Tip 8: Invest Regularly in Your Knowledge Portfolio: Make learning a habit.
Yes. See here.
Tip 9: Critically Analyze What You Read and Hear: Don’t be swayed by vendors, media hype, or dogma. Analyze information in terms of you and your project.
Tip 10: It’s Both What You Say and the Way You Say It: There’s no point in having great ideas if you don’t communicate them effectively.
Tip 11: DRY – Don’t Repeat Yourself: Every piece of knowledge must have a single, unambiguous, authoritative representation within a system.
Tip 12: Make It Easy to Reuse: If it’s easy to reuse, people will. Create an environment that supports reuse.
A great way to make code easy to reuse in Jupyter Notebooks is with the Snippets Menu extension.5 This comes with frequently used code for a number of popular libraries built in, and you can customize with your own frequently used code. I customized mine with code to import and filter frequently used data.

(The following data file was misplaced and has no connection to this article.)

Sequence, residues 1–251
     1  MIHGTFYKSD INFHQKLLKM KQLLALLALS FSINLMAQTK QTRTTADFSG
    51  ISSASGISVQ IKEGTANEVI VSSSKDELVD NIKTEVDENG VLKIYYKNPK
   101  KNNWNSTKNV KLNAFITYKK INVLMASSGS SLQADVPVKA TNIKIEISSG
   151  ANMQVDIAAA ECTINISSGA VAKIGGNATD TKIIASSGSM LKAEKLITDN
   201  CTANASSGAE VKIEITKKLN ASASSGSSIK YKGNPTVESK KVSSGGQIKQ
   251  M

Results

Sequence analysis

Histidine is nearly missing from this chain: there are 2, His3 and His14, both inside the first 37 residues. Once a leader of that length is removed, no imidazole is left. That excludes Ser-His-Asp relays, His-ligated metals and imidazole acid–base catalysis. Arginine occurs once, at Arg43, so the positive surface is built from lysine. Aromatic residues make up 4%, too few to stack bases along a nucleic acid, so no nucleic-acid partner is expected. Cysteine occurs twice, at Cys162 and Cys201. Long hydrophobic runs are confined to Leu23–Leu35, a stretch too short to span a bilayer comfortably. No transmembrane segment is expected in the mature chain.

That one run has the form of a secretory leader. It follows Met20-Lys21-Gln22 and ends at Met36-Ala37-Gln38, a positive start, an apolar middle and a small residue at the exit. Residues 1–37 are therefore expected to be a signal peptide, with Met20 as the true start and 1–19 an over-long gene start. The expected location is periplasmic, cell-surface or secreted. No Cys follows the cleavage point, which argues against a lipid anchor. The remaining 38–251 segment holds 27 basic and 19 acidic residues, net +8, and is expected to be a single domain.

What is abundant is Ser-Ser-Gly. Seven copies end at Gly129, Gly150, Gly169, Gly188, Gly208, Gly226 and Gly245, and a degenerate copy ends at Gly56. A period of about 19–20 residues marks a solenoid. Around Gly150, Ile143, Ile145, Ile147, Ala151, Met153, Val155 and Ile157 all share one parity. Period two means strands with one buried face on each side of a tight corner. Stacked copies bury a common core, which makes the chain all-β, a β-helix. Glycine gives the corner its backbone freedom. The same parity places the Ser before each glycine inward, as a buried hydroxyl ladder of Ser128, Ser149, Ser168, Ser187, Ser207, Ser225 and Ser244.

Tip 13: Eliminate Effects Between Unrelated Things: Design components that are self-contained. independent, and have a single, well-defined purpose.
Tip 14: There Are No Final Decisions: No decision is cast in stone. Instead, consider each as being written in the sand at the beach, and plan for change.
Tip 15: Use Tracer Bullets to Find the Target: Tracer bullets let you home in on your target by trying things and seeing how close they land.
Tip 16: Prototype to Learn: Prototyping is a learning experience. Its value lies not in the code you produce, but in the lessons you learn.